4

When Hermes arrives on Ogygia, she asks why he is visiting here:

Why have you come to see me, Hermes - honored, and ever welcome - for you do not visit me often?...

Retrieved, paragraph 7

Hermes responds it is of no accord of his own and that Zeus sent him:

...Nevertheless I had to come, for none of us other gods can cross Zeus, nor transgress his orders [his noos]. He says that you have here the most ill-starred of all those who fought nine years before the city of King Priam and sailed home in the tenth year after having sacked it. On their way home [nostos] they erred against Athena, who raised both wind and waves against them, so that all his brave companions perished, and he alone was carried here by wind and tide. ..."

Retrieved, paragraph 9 Note: Emphasis in bold is my own.

How did "they" err against Athena? What did they do? What happened?

3

Before the sack of Troy, Diomedes and Odysseus sneak into Troy and steal the Palladium , a wooden statue of Athena, from her temple. A prophecy stated that Troy could not fall as long as the statue remained. But it's odd that this would anger Athena, who sided with the Greeks during the Trojan War (Paris didn't give her the apple, after all) and the theft of the "Luck of Troy" was the key to the city's fall. Oh well, the gods are nothing if not capricious.

However, during the return home, there is no "error" against Athena. Indeed, from the very beginning of the Odyssey, we see that Athena is Odysseus's constant advocate with the gods, instigating his release from Ogygia (Book 1):

Then the goddess, flashing-eyed Athena, answered him: [45] “Father of us all, thou son of Cronos, high above all lords, aye, verily that man lies low in a destruction that is his due; so, too, may any other also be destroyed who does such deeds. But my heart is torn for wise Odysseus, hapless man, who far from his friends has long been suffering woes [50] in a sea-girt isle, where is the navel of the sea."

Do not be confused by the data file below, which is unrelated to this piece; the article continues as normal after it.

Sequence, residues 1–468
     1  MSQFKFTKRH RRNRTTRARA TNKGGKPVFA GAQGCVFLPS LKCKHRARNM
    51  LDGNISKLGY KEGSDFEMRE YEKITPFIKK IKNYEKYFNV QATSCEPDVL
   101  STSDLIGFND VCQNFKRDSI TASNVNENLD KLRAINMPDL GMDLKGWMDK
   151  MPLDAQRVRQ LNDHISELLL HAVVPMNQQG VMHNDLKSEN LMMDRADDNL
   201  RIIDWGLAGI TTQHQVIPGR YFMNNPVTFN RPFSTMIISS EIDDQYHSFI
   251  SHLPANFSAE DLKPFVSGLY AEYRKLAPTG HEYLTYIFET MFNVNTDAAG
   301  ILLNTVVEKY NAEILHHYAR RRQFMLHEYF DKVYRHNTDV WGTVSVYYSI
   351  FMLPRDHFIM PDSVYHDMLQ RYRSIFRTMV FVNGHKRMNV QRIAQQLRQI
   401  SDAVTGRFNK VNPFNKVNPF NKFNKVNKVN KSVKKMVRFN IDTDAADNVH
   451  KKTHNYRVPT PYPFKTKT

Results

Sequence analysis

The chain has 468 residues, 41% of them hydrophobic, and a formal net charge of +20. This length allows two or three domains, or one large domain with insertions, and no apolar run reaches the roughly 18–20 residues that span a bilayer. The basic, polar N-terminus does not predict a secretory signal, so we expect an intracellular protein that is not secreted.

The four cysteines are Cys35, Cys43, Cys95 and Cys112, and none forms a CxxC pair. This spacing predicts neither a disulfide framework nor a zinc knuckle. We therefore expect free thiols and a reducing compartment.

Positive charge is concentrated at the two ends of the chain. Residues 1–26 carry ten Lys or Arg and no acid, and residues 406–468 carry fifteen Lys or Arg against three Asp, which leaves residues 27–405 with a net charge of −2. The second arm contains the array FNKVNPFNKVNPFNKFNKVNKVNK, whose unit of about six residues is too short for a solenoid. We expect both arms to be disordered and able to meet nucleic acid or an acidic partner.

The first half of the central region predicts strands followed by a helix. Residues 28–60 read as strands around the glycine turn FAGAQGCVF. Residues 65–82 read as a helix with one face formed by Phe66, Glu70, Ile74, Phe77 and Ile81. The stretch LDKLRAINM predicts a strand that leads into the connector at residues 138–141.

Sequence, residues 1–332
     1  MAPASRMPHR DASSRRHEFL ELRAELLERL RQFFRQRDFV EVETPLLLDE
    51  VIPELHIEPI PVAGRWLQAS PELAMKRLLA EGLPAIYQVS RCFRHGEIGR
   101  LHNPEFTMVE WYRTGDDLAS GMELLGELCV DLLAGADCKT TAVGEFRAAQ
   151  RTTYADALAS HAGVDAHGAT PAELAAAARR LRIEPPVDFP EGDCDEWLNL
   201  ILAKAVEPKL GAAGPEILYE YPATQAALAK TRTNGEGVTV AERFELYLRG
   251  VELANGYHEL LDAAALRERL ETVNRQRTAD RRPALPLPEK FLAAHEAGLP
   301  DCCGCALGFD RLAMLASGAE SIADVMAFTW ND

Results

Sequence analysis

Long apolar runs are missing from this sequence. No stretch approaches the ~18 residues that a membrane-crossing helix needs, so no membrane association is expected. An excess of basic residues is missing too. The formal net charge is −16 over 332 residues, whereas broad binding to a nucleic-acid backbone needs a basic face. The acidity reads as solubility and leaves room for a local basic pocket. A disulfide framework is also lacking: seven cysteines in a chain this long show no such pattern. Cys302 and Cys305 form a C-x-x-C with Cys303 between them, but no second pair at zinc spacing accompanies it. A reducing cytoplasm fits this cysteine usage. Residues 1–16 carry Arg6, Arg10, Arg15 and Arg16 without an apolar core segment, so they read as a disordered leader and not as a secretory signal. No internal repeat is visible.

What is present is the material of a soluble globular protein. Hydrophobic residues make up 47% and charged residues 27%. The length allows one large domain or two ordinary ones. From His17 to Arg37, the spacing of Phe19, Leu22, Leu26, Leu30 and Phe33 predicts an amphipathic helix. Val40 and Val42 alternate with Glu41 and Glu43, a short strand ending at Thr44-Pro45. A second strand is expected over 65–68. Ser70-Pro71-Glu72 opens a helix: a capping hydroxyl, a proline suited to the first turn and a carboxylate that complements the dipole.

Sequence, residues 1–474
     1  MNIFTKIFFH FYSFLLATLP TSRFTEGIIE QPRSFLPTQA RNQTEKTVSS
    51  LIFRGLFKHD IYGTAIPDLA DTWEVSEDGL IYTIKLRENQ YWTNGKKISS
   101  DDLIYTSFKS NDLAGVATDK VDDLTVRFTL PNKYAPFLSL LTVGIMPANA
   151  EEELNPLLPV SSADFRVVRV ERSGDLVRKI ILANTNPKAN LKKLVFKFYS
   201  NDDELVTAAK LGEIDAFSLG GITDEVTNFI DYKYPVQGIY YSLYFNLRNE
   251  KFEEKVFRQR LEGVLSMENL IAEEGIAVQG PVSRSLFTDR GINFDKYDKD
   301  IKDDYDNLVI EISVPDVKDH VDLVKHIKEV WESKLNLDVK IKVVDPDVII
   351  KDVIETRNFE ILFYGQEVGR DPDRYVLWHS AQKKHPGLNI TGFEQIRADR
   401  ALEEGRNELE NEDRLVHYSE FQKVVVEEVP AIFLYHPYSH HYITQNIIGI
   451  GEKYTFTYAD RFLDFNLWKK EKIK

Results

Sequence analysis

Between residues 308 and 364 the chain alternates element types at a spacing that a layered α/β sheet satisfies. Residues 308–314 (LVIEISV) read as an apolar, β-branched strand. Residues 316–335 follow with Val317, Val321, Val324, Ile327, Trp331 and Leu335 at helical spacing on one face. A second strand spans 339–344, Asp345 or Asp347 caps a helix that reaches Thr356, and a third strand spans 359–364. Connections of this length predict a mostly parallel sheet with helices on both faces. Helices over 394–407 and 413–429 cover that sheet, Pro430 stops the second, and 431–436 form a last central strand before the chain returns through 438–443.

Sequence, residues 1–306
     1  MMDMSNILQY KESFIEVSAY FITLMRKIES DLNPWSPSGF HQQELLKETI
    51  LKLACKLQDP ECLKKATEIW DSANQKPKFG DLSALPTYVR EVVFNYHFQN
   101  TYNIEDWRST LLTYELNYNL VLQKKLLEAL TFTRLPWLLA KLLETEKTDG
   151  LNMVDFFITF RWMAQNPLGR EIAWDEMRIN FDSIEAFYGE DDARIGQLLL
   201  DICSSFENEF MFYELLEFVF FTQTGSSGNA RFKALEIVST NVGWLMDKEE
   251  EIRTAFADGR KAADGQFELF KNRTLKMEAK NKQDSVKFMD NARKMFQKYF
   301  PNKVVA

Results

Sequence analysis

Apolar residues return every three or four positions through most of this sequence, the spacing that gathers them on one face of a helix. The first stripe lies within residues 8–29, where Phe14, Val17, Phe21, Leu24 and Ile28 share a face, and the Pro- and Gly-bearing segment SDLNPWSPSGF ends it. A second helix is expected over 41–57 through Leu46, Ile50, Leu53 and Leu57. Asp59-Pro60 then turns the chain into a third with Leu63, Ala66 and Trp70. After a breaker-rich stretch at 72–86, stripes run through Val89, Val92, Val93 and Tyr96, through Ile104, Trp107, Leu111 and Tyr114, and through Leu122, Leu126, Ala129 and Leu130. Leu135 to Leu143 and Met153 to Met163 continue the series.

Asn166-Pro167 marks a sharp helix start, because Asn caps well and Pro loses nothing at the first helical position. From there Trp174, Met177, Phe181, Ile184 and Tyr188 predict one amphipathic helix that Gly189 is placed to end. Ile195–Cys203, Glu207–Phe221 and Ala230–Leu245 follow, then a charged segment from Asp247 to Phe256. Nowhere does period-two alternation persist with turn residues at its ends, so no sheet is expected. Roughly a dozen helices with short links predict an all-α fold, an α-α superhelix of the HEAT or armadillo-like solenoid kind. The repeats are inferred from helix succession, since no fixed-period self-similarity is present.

The sin of Odysseus's companions was against the sun god Helios, for devouring his sacred cattle. The opening paragraph of the Odyssey makes this plain:

Tell me, O Muse, of the man of many devices, who wandered full many ways after he had sacked the sacred citadel of Troy. Many were the men whose cities he saw and whose mind he learned, aye, and many the woes he suffered in his heart upon the sea, seeking to win his own life and the return of his comrades. Yet even so he saved not his comrades, though he desired it sore, for through their own blind folly they perished— fools, who devoured the kine of Helios Hyperion; but he took from them the day of their returning.

We also read this in Book 12 of the Odyssey as he is relating his story to King Alcinous if the Phaecians:

“Swiftly then to Helios Hyperion came [375] Lampetie of the long robes, bearing tidings that we had slain his kine; and straightway he spoke among the immortals, wroth at heart:

“‘Father Zeus and ye other blessed gods that are for ever, take vengeance now on the comrades of Odysseus, son of Laertes, who have insolently slain my kine, in which I ever took delight, when I went toward the starry heaven and when I turned back again to earth from heaven. If they do not pay me fit atonement for the kine I will go down to Hades and shine among the dead.’

“Then Zeus, the cloud-gatherer, answered him and said: ‘Helios, do thou verily shine on among the immortals and among mortal men upon the earth, the giver of grain. As for these men I will soon smite their swift ship with my bright thunder-bolt, and shatter it to pieces in the midst of the wine-dark sea.’ “This I heard from fair-haired Calypso, and she said that she herself had heard it from the messenger Hermes."

And so he did. A lightning bolt shattered the ship.

It is important to take note of this last part, which I have highlighted, because it refers directly back to the very quote in your original post, which is Hermes telling Calypso why Odysseus's ship was destroyed and the man himself cast away onto Ogygia.

At the moment, I'm putting the mention of Athena in book 5 down to a "continuity error".

This appears to be the original Greek of your passage ( pasted here just so I can find it again):

εἰρωτᾷς μ᾽ ἐλθόντα θεὰ θεόν: αὐτὰρ ἐγώ τοι νημερτέως τὸν μῦθον ἐνισπήσω: κέλεαι γάρ. Ζεὺς ἐμέ γ᾽ ἠνώγει δεῦρ᾽ ἐλθέμεν οὐκ ἐθέλοντα: τίς δ᾽ ἂν ἑκὼν τοσσόνδε διαδράμοι ἁλμυρὸν ὕδωρ ἄσπετον; οὐδέ τις ἄγχι βροτῶν πόλις, οἵ τε θεοῖσιν ἱερά τε ῥέζουσι καὶ ἐξαίτους ἑκατόμβας.

ἀλλὰ μάλ᾽ οὔ πως ἔστι Διὸς νόον αἰγιόχοιο οὔτε παρεξελθεῖν ἄλλον θεὸν οὔθ᾽ ἁλιῶσαι. φησί τοι ἄνδρα παρεῖναι ὀιζυρώτατον ἄλλων, τῶν ἀνδρῶν, οἳ ἄστυ πέρι Πριάμοιο μάχοντο εἰνάετες, δεκάτῳ δὲ πόλιν πέρσαντες ἔβησαν οἴκαδ᾽: ἀτὰρ ἐν νόστῳ Ἀθηναίην ἀλίτοντο, ἥ σφιν ἐπῶρσ᾽ ἄνεμόν τε κακὸν καὶ κύματα μακρά.

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